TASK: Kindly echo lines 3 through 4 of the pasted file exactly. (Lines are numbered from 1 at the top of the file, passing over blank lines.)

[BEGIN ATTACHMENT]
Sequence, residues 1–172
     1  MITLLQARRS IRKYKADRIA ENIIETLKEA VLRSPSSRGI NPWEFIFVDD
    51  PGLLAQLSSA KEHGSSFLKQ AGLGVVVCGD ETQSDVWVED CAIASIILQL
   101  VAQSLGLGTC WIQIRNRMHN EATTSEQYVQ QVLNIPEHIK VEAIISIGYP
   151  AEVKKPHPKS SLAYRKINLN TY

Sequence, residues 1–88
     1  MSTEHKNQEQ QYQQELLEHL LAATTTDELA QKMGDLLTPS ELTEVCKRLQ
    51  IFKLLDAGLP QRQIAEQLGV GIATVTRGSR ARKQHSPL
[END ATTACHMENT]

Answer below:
    51  PGLLAQLSSA KEHGSSFLKQ AGLGVVVCGD ETQSDVWVED CAIASIILQL
   101  VAQSLGLGTC WIQIRNRMHN EATTSEQYVQ QVLNIPEHIK VEAIISIGYP